Katrina Victims Benefit from First Use of Mobile Emergency Response Center

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Mobile Medical Unit provides superior disaster relief.

Avail Medical (http://www.odulair.com), a global provider of patented Mobile Clinic (http://www.odulair.com/mobile-clinic.html), Mobile Surgery (http://www.odulair.com/mobile-surgery.html) Mobile Trauma Unit (http://www.odulair.com/mobile-trauma.html), Mobile Emergency (http://www.odulair.com/mobile-er.html), Mobile Field Hospital (http://www.odulair.com/field-hospital.html) and other mobile medical vehicles, today announced the first use of a mobile field hospital in an emergency or disaster capacity. When we launched our Emergency Response Program just last week, we never dreamed that America would fall victim to one of the worst natural disasters in a century," said Jeffrey Merino, CEO of Avail Medical. "We are thrilled to see our technology provide a state-of-the-art workplace for the dedicated healthcare professionals assisting hurricane Katrina victims in Mississippi," Merino said.

The Avail Emergency Response Center (ERC) incorporates all of the benefits of a high tech hospital with the added benefit of being transportable to an emergency or disaster site. The Avail Emergency Response Center is a 1,000 square foot state-of-the-art medical facility housed in an expandable 53-foot long tractor trailer. Because the compressed size and fully-loaded weight meet Federal Department of Transportation requirements, the ERC can be transported over U.S. roadways directly to the disaster site or closest medical facility without special permits or be airlifted via a C-17 or C-5 military aircraft. Inside the Emergency Response Center, trauma patients can be triaged, diagnosed, treated, and even receive surgery inside an operating room that would be the envy of many in major medical centers. In cases of extreme emergency, up to three surgeries can be performed simultaneously in the positively pressurized, 99% HEPA filtration environment. The Avail ERC meets the stringent equipment requirements of a designated Trauma Center as defined by the American College of Surgeons (ACS). These ACS definitions have been adopted by most states as their own requirements for the designation of trauma center capability.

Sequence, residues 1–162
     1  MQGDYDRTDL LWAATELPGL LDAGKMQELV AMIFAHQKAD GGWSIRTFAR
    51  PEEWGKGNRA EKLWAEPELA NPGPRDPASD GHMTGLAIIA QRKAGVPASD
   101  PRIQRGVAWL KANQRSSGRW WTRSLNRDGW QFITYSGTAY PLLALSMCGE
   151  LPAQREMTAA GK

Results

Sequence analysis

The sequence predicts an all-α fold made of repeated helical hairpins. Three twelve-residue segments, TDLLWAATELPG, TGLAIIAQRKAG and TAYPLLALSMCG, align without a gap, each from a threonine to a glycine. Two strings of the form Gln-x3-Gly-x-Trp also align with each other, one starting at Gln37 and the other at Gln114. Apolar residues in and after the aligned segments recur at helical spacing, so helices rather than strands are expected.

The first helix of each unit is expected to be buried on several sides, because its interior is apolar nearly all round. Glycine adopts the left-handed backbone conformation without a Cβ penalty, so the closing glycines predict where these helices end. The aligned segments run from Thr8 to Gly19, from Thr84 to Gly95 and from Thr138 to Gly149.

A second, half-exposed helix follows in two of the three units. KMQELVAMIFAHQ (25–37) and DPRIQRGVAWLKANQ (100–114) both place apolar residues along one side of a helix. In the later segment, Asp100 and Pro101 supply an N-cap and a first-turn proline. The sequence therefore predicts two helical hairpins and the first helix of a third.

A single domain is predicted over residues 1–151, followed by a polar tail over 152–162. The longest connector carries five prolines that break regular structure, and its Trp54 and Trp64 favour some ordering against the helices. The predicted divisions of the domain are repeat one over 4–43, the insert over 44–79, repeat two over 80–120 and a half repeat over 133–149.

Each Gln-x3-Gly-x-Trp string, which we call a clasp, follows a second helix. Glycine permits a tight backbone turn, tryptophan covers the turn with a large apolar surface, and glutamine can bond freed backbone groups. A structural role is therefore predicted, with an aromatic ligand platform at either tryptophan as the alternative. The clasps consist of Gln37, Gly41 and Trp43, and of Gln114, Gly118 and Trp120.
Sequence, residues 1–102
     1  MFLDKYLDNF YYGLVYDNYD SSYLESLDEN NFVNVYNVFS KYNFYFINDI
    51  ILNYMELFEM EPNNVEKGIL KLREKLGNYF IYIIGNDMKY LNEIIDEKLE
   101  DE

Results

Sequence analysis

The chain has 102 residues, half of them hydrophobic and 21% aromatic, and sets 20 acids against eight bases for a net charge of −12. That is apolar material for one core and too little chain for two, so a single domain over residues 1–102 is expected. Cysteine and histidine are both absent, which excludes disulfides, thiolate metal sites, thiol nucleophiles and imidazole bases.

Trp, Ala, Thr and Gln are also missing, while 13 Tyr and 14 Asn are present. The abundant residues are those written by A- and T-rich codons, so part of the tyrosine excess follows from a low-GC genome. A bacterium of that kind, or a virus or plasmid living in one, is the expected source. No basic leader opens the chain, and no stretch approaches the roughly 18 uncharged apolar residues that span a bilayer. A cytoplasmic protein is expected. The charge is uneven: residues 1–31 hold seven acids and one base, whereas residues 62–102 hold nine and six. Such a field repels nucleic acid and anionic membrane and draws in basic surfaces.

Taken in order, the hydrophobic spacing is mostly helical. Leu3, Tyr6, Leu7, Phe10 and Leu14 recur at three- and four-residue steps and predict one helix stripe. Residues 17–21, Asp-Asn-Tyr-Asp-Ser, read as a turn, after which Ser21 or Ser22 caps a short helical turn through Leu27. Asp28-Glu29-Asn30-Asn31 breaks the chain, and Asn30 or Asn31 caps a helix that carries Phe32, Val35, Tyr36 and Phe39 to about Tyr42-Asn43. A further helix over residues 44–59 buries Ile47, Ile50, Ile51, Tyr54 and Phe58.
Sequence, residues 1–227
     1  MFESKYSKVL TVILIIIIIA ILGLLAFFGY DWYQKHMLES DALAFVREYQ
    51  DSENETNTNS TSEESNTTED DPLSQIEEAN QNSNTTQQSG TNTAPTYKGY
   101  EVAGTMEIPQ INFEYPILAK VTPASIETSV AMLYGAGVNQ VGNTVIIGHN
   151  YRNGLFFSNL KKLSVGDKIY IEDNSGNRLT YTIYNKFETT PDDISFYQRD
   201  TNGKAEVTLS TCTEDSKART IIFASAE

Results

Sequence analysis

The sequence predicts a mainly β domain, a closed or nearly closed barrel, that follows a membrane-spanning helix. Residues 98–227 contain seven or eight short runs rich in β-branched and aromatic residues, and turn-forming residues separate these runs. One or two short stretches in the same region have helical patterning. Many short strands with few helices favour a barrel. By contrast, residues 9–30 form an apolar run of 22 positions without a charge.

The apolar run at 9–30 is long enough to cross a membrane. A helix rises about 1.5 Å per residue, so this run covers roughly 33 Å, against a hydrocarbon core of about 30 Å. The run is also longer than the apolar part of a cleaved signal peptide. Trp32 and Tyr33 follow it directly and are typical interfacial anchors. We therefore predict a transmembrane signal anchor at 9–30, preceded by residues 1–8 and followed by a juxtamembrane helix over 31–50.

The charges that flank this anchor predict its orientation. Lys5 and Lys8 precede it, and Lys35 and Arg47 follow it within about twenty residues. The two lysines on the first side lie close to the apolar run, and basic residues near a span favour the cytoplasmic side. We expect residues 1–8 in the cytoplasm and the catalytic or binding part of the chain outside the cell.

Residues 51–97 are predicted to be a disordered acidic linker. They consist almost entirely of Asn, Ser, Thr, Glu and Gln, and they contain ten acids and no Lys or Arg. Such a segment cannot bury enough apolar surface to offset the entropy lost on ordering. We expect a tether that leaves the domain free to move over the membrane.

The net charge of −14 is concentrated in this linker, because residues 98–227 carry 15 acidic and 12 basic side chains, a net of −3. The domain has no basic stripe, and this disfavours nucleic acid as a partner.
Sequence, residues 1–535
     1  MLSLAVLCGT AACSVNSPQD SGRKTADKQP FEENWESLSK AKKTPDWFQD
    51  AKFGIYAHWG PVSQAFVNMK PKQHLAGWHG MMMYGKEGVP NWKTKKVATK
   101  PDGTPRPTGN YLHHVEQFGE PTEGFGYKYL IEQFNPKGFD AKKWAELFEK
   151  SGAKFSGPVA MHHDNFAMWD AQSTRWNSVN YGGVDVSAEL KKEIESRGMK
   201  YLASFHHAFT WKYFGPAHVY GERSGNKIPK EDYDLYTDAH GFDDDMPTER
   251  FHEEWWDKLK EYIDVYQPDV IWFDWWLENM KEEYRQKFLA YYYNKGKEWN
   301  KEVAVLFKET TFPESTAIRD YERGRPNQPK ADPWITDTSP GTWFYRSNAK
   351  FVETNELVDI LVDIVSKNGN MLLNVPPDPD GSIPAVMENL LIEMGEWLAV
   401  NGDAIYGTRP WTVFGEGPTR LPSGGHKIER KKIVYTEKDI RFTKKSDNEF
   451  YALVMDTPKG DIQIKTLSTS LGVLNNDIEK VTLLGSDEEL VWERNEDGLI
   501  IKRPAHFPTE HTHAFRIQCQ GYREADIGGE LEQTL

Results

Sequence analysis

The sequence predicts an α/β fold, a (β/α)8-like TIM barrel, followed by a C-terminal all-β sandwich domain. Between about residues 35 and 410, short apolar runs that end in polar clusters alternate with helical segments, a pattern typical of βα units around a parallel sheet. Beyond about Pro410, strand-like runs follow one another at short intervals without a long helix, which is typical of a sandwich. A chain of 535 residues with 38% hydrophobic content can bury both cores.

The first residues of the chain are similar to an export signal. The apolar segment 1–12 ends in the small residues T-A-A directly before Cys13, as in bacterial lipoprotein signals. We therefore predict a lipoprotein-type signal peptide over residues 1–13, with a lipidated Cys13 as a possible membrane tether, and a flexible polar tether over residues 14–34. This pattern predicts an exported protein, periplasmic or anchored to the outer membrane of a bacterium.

"To date, the Mobile Surgery Unit (http://www.odulair.com/mobile-surgery.html) has been successfully utilized to provide healthcare and surgery services at hospitals, inside prisons, and in remote locations," said Anita Chambers, Chief Strategic Officer of Avail Medical. "Because we felt that our product would offer significant benefits to emergency service providers, we felt compelled to launch a cost-effective program to help meet Homeland Security trauma surge requirements. Hurricane Katrina has confirmed the need for such a program," Chambers said.

In the case of a disaster of the proportion of hurricane Katrina, many local healthcare facilities are either damaged or overwhelmed by the volume of services required by the victims of the disaster, said Malinda Mitchell, consultant and recently retired CEO of Stanford University Medical Center in Palo Alto, CA. While staff and physicians are readily responding from other areas, they need an adequate facility in which to perform their much needed trauma and surgical services. The Avail Emergency Response Center provides the mobile facility for those services to be delivered, Mitchell said.

Contact:
Anita Chambers
+1 650-823-3014 (direct)
achambers(at)odulair(dot)com

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Anita Chambers

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